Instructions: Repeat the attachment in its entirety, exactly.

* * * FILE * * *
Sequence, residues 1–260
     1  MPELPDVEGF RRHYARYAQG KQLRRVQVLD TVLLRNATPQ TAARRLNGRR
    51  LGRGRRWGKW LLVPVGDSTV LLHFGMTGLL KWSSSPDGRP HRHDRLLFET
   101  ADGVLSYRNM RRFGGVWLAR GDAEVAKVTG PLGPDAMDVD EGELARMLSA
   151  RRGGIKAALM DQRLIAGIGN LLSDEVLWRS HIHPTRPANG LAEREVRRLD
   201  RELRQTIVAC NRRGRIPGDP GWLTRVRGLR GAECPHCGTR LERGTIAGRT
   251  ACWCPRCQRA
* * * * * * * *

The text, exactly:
Sequence, residues 1–260
     1  MPELPDVEGF RRHYARYAQG KQLRRVQVLD TVLLRNATPQ TAARRLNGRR
    51  LGRGRRWGKW LLVPVGDSTV LLHFGMTGLL KWSSSPDGRP HRHDRLLFET
   101  ADGVLSYRNM RRFGGVWLAR GDAEVAKVTG PLGPDAMDVD EGELARMLSA
   151  RRGGIKAALM DQRLIAGIGN LLSDEVLWRS HIHPTRPANG LAEREVRRLD
   201  RELRQTIVAC NRRGRIPGDP GWLTRVRGLR GAECPHCGTR LERGTIAGRT
   251  ACWCPRCQRA